VA Health Care Priority Group 1
VA health care priority group 1 includes the following benefits:
- Preventive care
- Inpatient (hospitalization) services
- Ancillary services
- Mental health care
- Geriatrics and extended care
- Medical equipment/prosthetic items and aids
- Dental care
- Nursing home placement
- Medically related travel benefits
- Hearing aids
- Automotive adaptive equipment (under certain conditions)
- Home improvement and structural alteration grants (under certain conditions)
- Clothing allowance benefits (under certain conditions)
- Dependents’ health care (if not eligible under TRICARE)
- Emergency care at a non-VA facility (under certain conditions)
- Foreign medical care (for service-connected and secondary conditions)
Concurrent Retired and Disability Pay
Concurrent retired and disability pay (CRDP) restores veterans’ service pay by eliminating the VA waiver (i.e., the amount the veteran receives in VA disability compensation subtracted from the amount they receive in retired pay to avoid “double-dipping”). Veterans will not receive a separate check for CRDP. Instead, the monthly check they receive from the Defense Finance and Accounting Service (DFAS), the administrator of military retired pay, will be increased from the docked amount to their full retired pay.
Importantly, there is no application process for CRDP. If a veteran meets the eligibility requirements, DFAS will automatically eliminate the VA waiver, thus restoring their retired pay. To be eligible for CRDP, veterans must:
- Be receiving retired pay and VA compensation;
- Be a 20-year (or more) retiree; and
- Have a service-connected condition rated 50 percent or higher
List of Benefits for Veterans 100% Disabled
Along with all the benefits listed previously, veterans who are totally disabled (i.e., rated at 100 percent) are eligible for Priority Group 1 healthcare in addition to the following:
Dental Care Benefits for Veterans 100% Disabled
With a 100 percent disability rating or TDIU (i.e., total disability based on individual unemployability) status, veterans may be eligible to receive some or all of their dental care through VA. Eligibility for VA dental care is categorized into classes. The class the veteran is in determines the benefits they will receive.
Veterans with 100 percent disability ratings are categorized into Class IV. Importantly, these veterans are eligible for any needed dental care, such as scheduled cleanings and X-rays. It also includes restorative procedures such as fillings, crowns, bridges, and dentures. Any oral surgeries that veterans might require, such as tooth extractions, root canals, and reconstructive surgeries due to trauma or serious illness are covered as well.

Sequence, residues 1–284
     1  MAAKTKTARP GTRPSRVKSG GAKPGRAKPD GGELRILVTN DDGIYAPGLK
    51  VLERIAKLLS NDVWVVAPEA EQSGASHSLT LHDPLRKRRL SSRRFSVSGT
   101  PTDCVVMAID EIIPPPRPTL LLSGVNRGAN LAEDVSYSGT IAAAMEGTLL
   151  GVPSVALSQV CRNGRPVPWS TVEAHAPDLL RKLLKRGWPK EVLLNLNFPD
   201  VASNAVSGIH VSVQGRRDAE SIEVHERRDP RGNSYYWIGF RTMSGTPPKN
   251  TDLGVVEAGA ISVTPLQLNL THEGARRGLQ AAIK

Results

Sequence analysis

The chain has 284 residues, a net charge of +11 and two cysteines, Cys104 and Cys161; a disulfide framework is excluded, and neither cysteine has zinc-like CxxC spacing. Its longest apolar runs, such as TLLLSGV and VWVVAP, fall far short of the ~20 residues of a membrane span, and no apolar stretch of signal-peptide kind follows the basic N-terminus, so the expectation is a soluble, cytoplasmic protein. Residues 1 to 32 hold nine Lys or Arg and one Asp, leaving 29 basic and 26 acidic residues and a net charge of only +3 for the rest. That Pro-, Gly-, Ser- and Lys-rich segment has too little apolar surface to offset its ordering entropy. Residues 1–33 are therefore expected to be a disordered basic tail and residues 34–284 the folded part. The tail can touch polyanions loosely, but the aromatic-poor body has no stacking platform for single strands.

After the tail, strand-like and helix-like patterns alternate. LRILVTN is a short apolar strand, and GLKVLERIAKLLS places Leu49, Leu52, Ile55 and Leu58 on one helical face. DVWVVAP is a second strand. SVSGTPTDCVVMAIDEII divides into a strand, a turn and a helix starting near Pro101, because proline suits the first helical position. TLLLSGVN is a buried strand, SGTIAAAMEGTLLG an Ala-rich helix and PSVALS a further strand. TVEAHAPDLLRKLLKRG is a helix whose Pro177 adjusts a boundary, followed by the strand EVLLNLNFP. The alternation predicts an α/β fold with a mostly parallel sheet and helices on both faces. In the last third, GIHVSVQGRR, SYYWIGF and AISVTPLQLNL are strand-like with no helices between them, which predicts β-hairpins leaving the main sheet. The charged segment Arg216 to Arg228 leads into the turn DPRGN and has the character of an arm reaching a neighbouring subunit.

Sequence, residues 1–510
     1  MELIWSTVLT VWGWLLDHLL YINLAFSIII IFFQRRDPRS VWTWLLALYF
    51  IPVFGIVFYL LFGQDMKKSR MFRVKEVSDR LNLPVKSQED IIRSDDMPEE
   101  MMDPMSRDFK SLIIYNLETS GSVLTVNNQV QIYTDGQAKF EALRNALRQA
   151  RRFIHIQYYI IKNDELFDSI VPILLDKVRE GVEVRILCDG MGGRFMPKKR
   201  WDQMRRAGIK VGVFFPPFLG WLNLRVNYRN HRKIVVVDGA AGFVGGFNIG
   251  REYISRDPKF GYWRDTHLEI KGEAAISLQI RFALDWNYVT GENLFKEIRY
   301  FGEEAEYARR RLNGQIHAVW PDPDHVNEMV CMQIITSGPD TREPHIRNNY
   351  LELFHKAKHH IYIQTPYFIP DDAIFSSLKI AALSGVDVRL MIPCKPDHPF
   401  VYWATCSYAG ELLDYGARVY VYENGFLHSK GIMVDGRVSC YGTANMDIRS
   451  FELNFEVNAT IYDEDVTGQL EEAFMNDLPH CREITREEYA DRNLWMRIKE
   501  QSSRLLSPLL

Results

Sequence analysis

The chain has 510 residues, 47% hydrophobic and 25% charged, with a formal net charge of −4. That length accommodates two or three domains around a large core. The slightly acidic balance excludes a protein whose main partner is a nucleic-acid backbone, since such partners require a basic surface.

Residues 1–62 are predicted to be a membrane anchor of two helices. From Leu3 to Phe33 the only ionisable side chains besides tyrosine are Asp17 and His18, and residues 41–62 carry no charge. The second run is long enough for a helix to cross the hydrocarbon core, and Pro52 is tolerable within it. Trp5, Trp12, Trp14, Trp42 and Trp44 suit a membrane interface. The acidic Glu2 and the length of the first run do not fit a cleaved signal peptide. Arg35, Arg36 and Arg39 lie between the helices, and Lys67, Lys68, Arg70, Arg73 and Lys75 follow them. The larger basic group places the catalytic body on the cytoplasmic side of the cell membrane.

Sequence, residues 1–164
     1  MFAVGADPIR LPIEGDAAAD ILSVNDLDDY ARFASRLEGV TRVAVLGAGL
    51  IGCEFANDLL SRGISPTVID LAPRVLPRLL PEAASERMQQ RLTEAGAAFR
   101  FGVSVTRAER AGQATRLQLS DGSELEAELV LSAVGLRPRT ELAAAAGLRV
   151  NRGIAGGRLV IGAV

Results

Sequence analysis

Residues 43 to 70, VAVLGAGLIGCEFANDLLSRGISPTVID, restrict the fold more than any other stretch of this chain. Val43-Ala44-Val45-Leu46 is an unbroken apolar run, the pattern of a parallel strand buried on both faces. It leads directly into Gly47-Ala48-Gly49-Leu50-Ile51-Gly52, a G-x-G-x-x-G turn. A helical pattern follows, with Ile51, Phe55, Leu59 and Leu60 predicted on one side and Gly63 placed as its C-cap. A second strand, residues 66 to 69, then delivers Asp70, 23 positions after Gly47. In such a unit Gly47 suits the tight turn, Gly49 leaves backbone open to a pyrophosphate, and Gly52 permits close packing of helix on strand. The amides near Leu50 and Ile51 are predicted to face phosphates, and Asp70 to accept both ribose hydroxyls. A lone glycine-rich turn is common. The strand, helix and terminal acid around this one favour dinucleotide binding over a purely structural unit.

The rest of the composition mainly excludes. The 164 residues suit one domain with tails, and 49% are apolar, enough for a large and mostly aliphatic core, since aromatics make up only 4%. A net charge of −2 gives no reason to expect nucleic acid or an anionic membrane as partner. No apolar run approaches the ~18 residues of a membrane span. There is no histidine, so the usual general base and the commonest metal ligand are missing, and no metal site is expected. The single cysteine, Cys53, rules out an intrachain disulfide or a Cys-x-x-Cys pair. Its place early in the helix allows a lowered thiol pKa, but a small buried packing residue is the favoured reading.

Civilian Health and Medical Programs of the Department of Veterans Affairs (CHAMPVA)
CHAMPVA is a health care program in which VA will share the cost of certain covered health care services that exist for the spouses and children of disabled veterans with 100 percent disability ratings. Examples of covered health care services under CHAMPVA include ambulatory services, hospice treatment, certain inpatient and outpatient treatments or hospitalizations, family planning, medical services, and medical equipment costs.
Specially Adapted Housing Program Veterans Benefits for Veterans 100% Disabled
The Specially Adapted Housing (SAH) program offers grants to veterans with certain severe service-connected conditions (typically rated 100 percent disabling, but not always). The grants assist with building, remodeling, or purchasing an adapted home. This can allow for independent living that might not otherwise be possible. The current maximum grant amount is $90,364. To be eligible for SAH grants, veterans must be entitled to disability compensation due to:
- Loss or loss of use of both legs;
- Blindness in both eyes, plus loss or loss of use of one leg;
- Loss or loss of use of one leg, and (1) residuals of organic disease or injury; or (2) loss or loss of use of one arm, affecting balance and ability to move without aid;
- Loss or loss of use of both arms at or above the elbows; or
- Severe burn injury
Dependents Education Assistance Program
The Survivors’ and Dependents’ Education Assistance (DEA) program offers education and training opportunities to eligible dependents of veterans who are permanently and totally (i.e., 100 percent) disabled due to a service-connected condition, currently receiving TDIU benefits, or who died while on active duty, or as a result of a service-connected condition. DEA benefits may be used for degree and certificate programs, apprenticeships, and on-the-job training.
Read our blog for more: Additional Benefits for 100 Percent Disabled Veterans.
Tips for Veterans on Receiving VA Benefits
Many of the benefits discussed herein are contingent on receiving a discharge status other than dishonorable discharge. If veterans do receive a dishonorable discharge, there are ways to fight that. VA determines on a case-by-case basis whether the incidents that led to the other than honorable discharge may be found to have been “under conditions other than dishonorable,” and thus whether basic eligibility benefits can be established. To learn more, click here.